Carmel Valley student to compete on sports reality show | #sports | #elderly | #seniors
Aaron Wang devoured the first season of All-Round Champion, a teen sports competition series from the streaming platform BYU.TV. “The thought entered my head to apply for it when they were casting for season three,” he remembers. Then the waiting game began. “I kept asking my parents if they had heard any news from the show,” he remembers. Then he got word: he was chosen to participate. “I was so pleasantly surprised and happy beyond belief.”
For Aaron, a sixth grader at Carmel Del Mar Elementary School in Carmel Valley, the show was a natural fit as its unique premise brings top young athletes from around North America together to compete in a series of events outside their perfected expertise. Aaron’s own personal expertise lies in track cycling. Currently racing for the San Diego Bicycle Club, his deft talent has earned him the distinction of being in the top 1% in his age group in North America.
“I got into track because of my older sister Natalie Wang, who is a freshman this year at Torrey Pines High School,” he says of his sibling, an accomplished athlete in her own right who has collected a variety of accolades. “My father would take me along to her practices at the San Diego Velodrome.”
Premiering March 30 on BYU.TV (a free family streaming platform launched by Brigham Young University), All-Round Champion is the North American spinoff of a popular Norwegian TV show, which won an International Emmy Kids Award. For the latest season, which was filmed throughout a three-month period this past fall in Toronto, Canada, the production was unusually tight thanks to strict COVID-19 protocols. Aaron appears in 11 episodes.
“My parents weren’t even allowed to come with me to drop me off,” Aaron remembers, noting the contestants had to adhere to a strict two-week quarantine upon arrival. Adding to Aaron’s experience is that he also holds the distinction of being the youngest contestant selected to appear in the history of the series.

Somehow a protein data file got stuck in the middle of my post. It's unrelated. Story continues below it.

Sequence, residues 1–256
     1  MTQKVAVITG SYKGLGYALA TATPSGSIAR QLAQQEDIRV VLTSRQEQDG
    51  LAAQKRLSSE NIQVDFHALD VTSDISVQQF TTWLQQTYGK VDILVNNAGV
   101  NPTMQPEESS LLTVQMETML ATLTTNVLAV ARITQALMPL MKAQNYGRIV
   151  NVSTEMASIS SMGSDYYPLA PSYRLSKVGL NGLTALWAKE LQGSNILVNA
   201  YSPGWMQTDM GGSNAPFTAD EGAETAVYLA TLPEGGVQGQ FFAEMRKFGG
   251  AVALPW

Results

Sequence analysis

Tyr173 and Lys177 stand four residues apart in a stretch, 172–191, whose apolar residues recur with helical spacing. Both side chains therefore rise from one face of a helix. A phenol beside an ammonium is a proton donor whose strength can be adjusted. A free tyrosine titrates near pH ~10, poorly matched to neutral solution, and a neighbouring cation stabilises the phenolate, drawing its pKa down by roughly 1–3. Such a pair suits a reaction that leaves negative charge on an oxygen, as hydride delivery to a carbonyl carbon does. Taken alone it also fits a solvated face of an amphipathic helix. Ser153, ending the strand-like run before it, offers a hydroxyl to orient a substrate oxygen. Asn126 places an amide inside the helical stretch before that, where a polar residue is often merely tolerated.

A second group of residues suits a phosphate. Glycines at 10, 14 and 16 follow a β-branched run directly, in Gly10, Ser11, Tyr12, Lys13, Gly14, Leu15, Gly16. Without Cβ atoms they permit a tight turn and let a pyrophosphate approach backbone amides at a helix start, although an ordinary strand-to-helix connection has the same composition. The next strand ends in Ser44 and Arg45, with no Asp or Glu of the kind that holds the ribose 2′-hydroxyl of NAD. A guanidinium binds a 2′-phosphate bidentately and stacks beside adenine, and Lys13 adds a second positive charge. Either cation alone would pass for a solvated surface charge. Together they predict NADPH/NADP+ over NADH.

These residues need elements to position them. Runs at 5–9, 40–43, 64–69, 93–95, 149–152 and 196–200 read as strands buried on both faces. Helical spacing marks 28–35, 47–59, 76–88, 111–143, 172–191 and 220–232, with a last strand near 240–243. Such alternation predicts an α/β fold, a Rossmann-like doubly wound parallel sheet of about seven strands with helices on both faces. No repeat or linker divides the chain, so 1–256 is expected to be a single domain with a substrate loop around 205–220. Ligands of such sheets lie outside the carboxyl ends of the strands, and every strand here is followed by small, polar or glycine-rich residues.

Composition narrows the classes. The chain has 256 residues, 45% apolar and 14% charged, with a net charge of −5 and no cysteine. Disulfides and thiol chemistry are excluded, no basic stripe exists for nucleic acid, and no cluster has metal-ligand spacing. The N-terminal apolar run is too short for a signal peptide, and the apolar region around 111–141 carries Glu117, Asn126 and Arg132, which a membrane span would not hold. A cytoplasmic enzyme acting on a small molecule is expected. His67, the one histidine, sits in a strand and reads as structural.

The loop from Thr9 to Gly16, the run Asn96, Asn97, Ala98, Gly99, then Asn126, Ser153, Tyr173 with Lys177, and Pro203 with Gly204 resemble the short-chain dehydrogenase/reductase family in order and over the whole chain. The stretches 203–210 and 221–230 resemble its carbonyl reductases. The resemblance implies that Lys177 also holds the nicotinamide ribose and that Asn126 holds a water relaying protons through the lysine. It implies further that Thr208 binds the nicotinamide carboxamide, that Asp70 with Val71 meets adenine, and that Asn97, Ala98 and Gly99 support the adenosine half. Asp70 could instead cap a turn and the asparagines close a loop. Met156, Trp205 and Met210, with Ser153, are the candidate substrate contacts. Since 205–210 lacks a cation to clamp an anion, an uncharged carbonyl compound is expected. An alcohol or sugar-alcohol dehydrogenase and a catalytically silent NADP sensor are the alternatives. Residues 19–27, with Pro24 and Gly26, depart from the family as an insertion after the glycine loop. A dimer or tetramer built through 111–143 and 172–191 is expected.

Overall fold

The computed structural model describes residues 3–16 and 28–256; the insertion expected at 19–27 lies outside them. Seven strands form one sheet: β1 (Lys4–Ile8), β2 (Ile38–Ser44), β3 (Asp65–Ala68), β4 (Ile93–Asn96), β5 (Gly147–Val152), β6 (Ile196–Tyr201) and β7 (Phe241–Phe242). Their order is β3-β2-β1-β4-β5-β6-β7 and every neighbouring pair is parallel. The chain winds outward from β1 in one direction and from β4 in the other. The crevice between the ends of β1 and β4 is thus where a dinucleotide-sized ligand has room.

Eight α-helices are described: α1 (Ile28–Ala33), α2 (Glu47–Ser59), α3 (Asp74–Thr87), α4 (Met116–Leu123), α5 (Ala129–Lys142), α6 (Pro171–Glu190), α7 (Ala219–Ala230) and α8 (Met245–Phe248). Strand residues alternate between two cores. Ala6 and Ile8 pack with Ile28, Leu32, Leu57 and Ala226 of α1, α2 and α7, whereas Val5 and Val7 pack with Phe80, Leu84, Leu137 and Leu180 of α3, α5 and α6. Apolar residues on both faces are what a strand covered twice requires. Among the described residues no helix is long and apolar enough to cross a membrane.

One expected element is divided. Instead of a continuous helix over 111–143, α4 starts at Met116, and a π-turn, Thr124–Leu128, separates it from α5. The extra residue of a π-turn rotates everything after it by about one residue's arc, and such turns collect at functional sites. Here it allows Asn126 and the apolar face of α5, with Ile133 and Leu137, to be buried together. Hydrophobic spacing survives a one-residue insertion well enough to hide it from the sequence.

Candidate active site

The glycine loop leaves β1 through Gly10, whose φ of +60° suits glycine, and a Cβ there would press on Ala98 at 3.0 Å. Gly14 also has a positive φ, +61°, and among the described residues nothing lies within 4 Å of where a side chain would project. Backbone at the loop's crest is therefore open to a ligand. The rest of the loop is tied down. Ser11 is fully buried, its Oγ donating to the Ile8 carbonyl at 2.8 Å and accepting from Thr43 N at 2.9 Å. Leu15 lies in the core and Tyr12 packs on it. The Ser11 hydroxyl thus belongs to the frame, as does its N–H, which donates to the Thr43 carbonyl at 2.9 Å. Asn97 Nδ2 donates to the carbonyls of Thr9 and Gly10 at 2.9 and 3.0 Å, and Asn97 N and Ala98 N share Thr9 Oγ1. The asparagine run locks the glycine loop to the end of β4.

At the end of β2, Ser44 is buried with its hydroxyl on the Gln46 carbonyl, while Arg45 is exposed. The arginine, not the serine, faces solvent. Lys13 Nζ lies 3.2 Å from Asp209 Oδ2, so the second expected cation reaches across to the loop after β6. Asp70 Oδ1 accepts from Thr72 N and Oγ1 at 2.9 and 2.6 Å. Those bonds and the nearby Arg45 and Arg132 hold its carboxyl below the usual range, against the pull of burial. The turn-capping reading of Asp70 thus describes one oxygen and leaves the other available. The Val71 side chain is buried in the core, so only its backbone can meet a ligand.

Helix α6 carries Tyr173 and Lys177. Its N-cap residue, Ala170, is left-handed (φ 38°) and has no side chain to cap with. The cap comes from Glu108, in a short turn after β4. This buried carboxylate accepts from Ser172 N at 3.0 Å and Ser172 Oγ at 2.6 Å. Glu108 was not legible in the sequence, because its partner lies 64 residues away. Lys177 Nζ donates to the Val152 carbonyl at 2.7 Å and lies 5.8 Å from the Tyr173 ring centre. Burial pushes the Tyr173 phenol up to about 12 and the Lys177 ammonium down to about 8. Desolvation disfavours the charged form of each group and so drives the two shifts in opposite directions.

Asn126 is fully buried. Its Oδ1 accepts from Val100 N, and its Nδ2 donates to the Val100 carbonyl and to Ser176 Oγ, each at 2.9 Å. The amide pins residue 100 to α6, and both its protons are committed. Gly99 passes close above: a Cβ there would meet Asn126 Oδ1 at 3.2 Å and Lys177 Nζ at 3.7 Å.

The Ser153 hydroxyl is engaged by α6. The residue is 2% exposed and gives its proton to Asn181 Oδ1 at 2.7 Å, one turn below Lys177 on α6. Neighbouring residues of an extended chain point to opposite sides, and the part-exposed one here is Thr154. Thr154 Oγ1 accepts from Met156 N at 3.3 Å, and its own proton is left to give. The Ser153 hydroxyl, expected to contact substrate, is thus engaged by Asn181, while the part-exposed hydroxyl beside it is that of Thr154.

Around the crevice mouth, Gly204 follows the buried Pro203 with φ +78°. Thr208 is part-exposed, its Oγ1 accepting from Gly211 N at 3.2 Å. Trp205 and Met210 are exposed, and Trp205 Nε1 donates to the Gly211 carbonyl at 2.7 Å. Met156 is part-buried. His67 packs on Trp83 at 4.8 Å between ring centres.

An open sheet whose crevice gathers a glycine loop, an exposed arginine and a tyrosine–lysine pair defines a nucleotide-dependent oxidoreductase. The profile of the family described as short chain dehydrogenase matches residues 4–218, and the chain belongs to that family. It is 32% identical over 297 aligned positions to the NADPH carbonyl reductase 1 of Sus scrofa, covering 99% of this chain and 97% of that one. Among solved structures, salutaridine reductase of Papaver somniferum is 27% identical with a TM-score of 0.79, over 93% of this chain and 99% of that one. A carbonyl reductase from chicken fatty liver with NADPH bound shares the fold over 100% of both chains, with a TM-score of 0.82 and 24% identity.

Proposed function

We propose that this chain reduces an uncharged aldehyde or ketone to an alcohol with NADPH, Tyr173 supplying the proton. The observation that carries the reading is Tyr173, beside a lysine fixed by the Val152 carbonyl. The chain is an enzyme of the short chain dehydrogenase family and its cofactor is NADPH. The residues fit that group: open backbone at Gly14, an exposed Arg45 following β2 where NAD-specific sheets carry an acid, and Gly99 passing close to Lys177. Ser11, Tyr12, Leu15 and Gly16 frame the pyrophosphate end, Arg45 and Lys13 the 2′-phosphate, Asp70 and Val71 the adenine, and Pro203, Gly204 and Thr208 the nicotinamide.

Still, Aaron readily acclimated to the experience, filmed constantly whether he was competing in track cycling or the show’s other challenges, an ever-changing Olympic-style slate which could range from wakeboarding to gymnastics. “It was strange at first to have 10 or 12 cameras following me around all the time,” he says. “Even in moments you wish the camera wasn’t there, you’d still be filmed. It felt weird after the show was over not to have to be ‘mic’d-up.’”
Unlike the cutthroat nature of some reality competition series, Aaron says his favorite part was becoming close with his fellow contestants. “(I got to meet) all of these amazing athletes and I made lifelong friends,” says Aaron, who also relished the chance to participate in a host of sports aside from track cycling. “I learned from the best athletes in each sport because the guest coaches were world champions, Olympic medalists or all-stars in their field.” That includes people like Perdita Felicien, a star hurdler.
As for whether Aaron triumphs will be revealed as the new season rolls out. Until then, he is setting his sights beyond the realm of reality TV. “My goal is to become a national track champion and then a world champion,” Aaron says. “I want to be an ambassador for track cycling.”
All-Round Champion premieres March 30 on BYU.TV. Streaming is free online. For more information, visit www.byutv.org/arc